The Department of Work and Pensions (DWP) has quietly dropped its estimates of how many children will be lifted out of poverty because of Universal Credit.
A white paper from 2010, which set out the government's plans for the new programme, suggested it could lift 350,000 children out of poverty.
In 2013, a written answer to Conservative MP Chris Skidmore from then DWP minister Esther McVey showed that that estimate had been downgraded to 150,000.
"Before taking account of any expected behavioural change among the self-employed affected, modelling estimates that universal credit reduces the number of individuals in relative income poverty by some 400,000; including more than 150,000 children," McVey said.
When asked again in 2016, this time by Labour MP Stephen Timms, the department failed to provide any figure at all, instead Timms was told that the government is "committed to eliminating child poverty".
Later that year, former work and pensions secretary and architect of Universal Credit Iain Duncan Smith was asked about the change in child poverty estimates, while speaking at a Resolution Foundation event. His answer suggested that the government's decision to cut the amount a claimant can earn before losing some of their benefits was behind the reduced figures. (From 58 mins in clip below)
"The child poverty figures you are talking about are hugely influenced by the fall in work allowances. So the reason the department doesn't want to say very much about the child poverty figure is because Universal Credit had a very distinct effect on child poverty. If you reduce the work allowances, that effect begins to fall away," he said.
When contacted by Politics.co.uk this week, the DWP again failed to give any estimate of how many children would be lifted out of poverty because of the introduction of Universal Credit.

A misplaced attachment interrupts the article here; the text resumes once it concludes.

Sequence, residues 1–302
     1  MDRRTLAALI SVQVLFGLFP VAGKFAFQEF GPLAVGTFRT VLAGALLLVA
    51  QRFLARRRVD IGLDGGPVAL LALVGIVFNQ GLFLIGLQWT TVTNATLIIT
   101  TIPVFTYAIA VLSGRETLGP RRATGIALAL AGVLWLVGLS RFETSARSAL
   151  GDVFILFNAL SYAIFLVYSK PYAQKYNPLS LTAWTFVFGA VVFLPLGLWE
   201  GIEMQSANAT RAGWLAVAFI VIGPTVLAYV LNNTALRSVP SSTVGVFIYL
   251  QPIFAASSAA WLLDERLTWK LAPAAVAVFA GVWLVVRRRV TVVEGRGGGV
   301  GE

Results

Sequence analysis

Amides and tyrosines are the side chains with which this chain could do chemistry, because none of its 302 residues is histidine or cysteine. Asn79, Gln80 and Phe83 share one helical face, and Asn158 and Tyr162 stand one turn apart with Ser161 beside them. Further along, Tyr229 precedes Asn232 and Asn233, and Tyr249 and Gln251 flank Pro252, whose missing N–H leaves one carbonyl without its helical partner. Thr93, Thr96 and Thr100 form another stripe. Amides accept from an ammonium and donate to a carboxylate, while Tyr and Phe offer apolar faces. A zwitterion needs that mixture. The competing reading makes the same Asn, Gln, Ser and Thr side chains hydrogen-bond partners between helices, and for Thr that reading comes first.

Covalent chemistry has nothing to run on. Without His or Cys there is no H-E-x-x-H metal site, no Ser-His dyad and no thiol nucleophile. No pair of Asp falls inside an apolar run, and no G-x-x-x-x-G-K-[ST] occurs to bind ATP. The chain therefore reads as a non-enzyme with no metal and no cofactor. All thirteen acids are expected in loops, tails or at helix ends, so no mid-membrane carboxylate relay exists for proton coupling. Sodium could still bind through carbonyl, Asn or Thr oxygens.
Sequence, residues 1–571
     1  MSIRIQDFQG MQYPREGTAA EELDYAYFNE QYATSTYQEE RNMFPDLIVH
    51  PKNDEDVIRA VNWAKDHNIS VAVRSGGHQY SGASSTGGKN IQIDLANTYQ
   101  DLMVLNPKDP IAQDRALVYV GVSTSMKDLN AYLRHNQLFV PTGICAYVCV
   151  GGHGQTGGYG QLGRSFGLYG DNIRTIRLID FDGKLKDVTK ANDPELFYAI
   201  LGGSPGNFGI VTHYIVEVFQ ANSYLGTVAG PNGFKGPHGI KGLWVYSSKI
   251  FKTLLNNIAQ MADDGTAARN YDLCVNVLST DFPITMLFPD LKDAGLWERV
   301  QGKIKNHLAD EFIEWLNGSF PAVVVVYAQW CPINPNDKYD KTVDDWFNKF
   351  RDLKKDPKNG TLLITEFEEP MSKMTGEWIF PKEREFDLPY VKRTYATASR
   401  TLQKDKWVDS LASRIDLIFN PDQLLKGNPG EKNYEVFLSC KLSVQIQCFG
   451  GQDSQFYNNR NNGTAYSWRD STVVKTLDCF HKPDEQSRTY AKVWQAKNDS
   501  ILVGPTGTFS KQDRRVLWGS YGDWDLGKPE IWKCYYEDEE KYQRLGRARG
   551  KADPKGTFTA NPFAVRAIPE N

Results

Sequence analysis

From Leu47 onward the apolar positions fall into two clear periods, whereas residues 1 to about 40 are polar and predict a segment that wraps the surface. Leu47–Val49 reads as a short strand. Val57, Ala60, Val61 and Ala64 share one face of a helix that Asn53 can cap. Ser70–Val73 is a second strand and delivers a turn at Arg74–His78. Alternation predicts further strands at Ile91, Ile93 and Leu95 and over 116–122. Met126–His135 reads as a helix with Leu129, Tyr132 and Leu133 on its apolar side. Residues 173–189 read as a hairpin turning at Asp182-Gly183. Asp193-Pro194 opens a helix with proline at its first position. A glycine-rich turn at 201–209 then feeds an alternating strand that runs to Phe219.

The director of policy at the Child Poverty Action Group, Imran Hussain said:
"Universal Credit was sold to us all as a poverty fighting policy that would cut child poverty numbers by 350,000. But looking at scale of the cuts made to it since then, it's clear the Universal Credit we have today – the system families will rely on – will be creating, not cutting, child poverty.
"There's an overwhelming public interest reason for the government to update its assessment of Universal Credit's impact on child poverty. It is disappointing and revealing that the government is refusing to come clean. We are not going to fix Universal Credit if we bury our heads in the sand about its failings."
A spokesperson for the DWP said:
"We are committed to making a meaningful difference to the lives of the most disadvantaged children and families. That includes an approach which goes beyond the safety net provided by the welfare system to tackle the root causes of child poverty and disadvantage.
"That is why we repealed the income-related targets set out in the Child Poverty Act 2010 and replaced them with two statutory measures that drive action on parental worklessness and children’s educational attainment, the two areas that can make the biggest difference to children’s outcomes, now and in the future. Work is the key to helping people out of poverty. Employment is at a record high and Universal Credit is set to boost employment by around 250,000."